Mexico City

Fritzia Irízar, Untitled (Golden Green), 2016, gold-plated sprinkler, water, tezontle, pyrite, 16' 6“ × 13' × 6”.

Fritzia Irízar, Untitled (Golden Green), 2016, gold-plated sprinkler, water, tezontle, pyrite, 16' 6“ × 13' × 6”.

Fritzia Irízar

Arredondo \ Arozarena

Fritzia Irízar, Untitled (Golden Green), 2016, gold-plated sprinkler, water, tezontle, pyrite, 16' 6“ × 13' × 6”.

Given that Fritzia Irízar’s recent exhibition “Golden Green - Greening Gold” focused on the mining of that most useless yet perennially attractive and signifying metal, its other principal element was something of a surprise: water. In Mexico, mining has been the source of tremendous ecological devastation, and the depletion of this substance is one of many recurring problems. In addition, nearly a third of the nation’s territory has been consigned to foreign companies for extraction, leading to the dismemberment of communities, the appropriation of territory without local consent, and the killing of civilians by paramilitary security hired by mining companies.

Untitled (Golden Green) (all works 2016) introduced us to a recurring character, almost like a little cartoon guy: a sprinkler, aptly gilded, standing in the middle of a field of black tezontle volcanic rock mixed with some pyrite (better known as fool’s gold), showering it all with water. Pyrite was used in ancient times for its chemical properties that enable the smelting of other minerals, and later for igniting firearms. Yet its most pervasive symbolic connotation is that of a hoax: All that glitters isn’t gold. The sprinkler signifies a different type of illusion: the great American aspiration to the perfect green lawn.This fixation also brings up questions of nature and artifice, which together form an ambiguous dichotomy that cropped up throughout the show.

In Untitled (Banda de Guerra), 2016, a deafening noise emanated from dry water sprinklers attached to empty snaking hoses arranged to form a kind of road map on the floor. To the rhythm of a military step, controlled by a small device in the corner, the sprinklers let out air instead of water. In the background, a looping video of polluted ocean water contrasted with the lack of water in the hoses and sprinklers and yet again warned us of the devastation at hand. The piece loudly proclaimed absence. Mining uses 2,600 gallons of water per second, and what is left over is toxic. Due to the video’s circular format and a play in perspective (although it was shot from about 125 feet in the air, its subject looks as much like a close-up as a view from a great distance), the contaminated foam it shows ends up looking like continents of pure pollution. Irízar’s video managed to aestheticize a very real drama while at the same time; the deafening yet rhythmic sound effectively conveyed a feeling of discomfort.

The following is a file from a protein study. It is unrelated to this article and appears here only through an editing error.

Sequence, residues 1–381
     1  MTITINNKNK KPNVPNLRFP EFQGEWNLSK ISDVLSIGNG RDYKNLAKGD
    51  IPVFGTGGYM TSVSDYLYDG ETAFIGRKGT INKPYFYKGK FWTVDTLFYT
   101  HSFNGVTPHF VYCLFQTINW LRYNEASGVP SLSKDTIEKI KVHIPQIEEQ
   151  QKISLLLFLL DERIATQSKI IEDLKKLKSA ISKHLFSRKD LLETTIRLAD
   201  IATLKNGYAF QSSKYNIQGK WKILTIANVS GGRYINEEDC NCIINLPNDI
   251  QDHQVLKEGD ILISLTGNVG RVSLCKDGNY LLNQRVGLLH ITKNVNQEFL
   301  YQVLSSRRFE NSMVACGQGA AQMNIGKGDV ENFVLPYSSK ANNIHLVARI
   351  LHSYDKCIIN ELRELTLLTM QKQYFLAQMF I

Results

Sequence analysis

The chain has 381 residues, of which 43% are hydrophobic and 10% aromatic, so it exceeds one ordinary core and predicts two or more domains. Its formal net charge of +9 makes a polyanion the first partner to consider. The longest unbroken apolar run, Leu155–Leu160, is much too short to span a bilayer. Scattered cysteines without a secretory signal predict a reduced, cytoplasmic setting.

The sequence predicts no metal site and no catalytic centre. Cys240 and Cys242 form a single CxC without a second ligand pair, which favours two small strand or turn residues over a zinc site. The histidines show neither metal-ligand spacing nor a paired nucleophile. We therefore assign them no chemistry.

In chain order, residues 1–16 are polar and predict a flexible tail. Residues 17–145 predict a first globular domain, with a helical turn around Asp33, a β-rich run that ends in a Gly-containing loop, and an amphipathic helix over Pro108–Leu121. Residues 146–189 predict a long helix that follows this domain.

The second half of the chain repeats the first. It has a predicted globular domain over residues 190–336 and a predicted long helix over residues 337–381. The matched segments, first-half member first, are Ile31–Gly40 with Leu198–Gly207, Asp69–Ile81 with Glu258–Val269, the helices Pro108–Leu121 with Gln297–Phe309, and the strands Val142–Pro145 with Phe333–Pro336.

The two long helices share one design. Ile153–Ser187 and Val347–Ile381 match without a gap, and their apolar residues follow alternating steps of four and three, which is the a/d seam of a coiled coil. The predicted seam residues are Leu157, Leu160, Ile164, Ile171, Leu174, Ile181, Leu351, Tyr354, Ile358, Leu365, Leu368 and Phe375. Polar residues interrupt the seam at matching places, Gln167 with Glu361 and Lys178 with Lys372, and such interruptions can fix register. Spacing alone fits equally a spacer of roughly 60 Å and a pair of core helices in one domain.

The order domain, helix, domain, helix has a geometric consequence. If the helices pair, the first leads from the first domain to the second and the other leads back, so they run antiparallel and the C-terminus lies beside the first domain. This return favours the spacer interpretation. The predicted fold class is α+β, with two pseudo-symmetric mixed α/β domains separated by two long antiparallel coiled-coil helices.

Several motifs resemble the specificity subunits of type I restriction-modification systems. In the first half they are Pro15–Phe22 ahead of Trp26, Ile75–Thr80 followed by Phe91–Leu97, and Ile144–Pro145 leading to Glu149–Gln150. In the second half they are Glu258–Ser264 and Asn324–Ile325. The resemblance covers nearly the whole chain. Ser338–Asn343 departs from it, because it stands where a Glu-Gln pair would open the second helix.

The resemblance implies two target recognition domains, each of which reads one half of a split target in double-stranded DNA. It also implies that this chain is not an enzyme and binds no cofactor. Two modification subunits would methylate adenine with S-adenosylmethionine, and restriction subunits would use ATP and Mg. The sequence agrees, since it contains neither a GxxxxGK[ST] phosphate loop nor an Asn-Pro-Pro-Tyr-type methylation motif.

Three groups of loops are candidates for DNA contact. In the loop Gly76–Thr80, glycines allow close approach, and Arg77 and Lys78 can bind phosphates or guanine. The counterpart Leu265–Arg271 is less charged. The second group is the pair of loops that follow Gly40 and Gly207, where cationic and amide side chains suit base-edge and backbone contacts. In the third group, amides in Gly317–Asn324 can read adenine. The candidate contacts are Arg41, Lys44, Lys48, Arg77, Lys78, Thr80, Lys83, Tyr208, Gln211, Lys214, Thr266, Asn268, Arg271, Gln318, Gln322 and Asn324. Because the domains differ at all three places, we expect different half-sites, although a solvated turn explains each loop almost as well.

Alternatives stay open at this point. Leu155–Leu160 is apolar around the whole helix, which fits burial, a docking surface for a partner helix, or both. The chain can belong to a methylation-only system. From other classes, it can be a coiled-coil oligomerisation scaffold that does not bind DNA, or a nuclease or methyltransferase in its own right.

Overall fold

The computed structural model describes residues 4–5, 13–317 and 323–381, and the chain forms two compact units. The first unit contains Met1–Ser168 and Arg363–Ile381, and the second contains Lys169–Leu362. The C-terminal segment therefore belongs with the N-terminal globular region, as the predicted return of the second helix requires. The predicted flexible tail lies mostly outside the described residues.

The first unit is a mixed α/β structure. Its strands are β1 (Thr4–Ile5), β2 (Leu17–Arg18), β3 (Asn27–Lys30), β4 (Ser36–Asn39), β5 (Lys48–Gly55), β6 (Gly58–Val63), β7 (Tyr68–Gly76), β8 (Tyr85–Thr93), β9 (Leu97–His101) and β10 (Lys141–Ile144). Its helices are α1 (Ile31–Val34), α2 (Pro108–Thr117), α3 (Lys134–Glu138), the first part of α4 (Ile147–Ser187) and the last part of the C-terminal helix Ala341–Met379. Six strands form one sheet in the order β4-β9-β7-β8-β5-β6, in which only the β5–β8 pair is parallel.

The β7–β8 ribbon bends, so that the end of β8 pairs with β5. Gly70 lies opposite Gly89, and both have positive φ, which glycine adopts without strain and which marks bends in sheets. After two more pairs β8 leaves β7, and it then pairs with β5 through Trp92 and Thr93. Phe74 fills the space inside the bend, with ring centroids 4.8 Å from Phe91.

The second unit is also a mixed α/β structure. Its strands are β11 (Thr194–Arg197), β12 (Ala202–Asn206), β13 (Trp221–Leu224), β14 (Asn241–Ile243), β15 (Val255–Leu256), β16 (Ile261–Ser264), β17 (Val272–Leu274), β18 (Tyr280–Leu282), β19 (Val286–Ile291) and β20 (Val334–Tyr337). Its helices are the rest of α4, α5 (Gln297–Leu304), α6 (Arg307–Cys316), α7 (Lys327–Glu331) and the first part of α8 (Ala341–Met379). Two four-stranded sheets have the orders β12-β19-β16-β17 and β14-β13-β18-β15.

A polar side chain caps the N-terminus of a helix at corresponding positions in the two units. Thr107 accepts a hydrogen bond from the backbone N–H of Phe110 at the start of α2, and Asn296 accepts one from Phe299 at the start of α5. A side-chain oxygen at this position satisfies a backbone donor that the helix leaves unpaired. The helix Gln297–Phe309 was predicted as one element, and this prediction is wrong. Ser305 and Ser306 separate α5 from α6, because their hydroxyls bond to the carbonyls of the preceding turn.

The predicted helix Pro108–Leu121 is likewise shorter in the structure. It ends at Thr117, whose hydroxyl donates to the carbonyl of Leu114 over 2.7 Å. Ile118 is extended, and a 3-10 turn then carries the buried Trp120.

The other pieces in the exhibition were more performative, to be activated by spectators, sometimes in collaboration with performers, as in the case of Untitled (Greening Gold), 2016, in which an actor in a lab coat archives the weight and historical data (symbolic and real) of gallerygoers’ gold jewelry. The creation of this archive represents a mnemonic device of sheer power, for the pretense at “greening gold” is a mere formality by which we rid ourselves of our environmental guilt. While corporations may make superficial efforts to “go green,” the impossibility of finding an environmentally responsible way of mining, is evident, as is the greater preciousness of “green” in comparison to “gold.” That the work’s title is in English is no coincidence, as this has become the language of transnational corporate affairs.

If all this sounds didactic, it was—willfully so. The point was underscored again and again by the lab-coated “scientists” performing throughout the show, for instance by those engaged in the useless yet painstaking task of gilding not a lily, but rather a small bird, all the while taking measurements of its skeleton for some obscure scientific classification. The institutional and hoaxy feeling of this piece, Untitled, (Extraction), 2016, created an environment of estrangement that ironically recalled the Stanford Prison Experiment, while at the same opening up a mystery that invited us to question not only mining and its dire consequences, but also the symbolic mechanisms at work in our everyday lives.

Gabriela Jauregui